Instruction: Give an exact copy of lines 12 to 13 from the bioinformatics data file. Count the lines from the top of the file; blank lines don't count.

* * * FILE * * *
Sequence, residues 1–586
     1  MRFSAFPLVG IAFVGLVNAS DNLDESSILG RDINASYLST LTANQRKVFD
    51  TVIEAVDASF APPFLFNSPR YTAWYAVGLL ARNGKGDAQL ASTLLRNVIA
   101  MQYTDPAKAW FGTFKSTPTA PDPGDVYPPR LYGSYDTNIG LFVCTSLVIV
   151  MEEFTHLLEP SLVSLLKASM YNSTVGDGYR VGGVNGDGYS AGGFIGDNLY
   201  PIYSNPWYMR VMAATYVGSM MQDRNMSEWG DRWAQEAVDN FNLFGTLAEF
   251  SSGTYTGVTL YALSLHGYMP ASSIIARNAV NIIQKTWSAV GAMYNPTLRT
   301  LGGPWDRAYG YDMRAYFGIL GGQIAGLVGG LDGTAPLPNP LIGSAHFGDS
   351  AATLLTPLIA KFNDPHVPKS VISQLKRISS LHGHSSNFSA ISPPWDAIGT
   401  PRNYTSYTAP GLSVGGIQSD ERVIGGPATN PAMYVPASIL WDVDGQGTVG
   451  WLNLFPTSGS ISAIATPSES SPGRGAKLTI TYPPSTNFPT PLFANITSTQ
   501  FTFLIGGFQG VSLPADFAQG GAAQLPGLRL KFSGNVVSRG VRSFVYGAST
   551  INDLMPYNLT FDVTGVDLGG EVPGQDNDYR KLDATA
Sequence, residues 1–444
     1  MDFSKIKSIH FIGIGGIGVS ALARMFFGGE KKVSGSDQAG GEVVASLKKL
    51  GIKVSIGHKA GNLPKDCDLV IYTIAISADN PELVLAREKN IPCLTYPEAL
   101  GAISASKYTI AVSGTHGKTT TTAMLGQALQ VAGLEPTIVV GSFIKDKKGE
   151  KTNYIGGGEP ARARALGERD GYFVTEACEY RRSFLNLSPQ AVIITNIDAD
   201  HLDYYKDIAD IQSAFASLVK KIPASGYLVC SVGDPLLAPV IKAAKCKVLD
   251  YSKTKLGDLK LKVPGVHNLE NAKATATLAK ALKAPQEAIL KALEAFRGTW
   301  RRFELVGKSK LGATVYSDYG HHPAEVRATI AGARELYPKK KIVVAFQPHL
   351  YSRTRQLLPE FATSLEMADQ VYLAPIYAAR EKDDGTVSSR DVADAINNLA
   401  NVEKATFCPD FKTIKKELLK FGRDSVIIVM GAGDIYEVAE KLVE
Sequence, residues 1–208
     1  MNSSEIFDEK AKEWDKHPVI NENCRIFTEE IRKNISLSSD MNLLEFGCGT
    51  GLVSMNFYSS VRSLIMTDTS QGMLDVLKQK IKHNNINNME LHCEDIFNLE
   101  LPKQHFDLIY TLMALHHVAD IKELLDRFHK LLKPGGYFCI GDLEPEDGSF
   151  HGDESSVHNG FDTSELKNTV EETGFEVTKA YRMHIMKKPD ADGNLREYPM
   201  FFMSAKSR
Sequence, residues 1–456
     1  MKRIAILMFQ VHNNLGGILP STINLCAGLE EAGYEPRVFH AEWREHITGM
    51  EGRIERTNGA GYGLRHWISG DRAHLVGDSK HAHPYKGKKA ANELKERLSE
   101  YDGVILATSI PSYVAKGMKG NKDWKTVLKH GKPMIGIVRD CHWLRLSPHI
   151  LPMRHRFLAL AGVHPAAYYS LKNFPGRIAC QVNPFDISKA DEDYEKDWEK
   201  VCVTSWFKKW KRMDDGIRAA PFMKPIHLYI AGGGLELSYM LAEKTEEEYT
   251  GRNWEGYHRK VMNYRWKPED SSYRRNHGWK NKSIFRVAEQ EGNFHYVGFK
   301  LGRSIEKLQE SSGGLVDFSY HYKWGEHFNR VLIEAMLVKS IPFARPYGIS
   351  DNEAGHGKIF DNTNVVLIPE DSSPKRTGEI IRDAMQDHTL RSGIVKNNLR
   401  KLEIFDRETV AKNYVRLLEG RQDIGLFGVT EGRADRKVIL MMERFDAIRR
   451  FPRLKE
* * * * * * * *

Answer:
   501  FTFLIGGFQG VSLPADFAQG GAAQLPGLRL KFSGNVVSRG VRSFVYGAST
   551  INDLMPYNLT FDVTGVDLGG EVPGQDNDYR KLDATA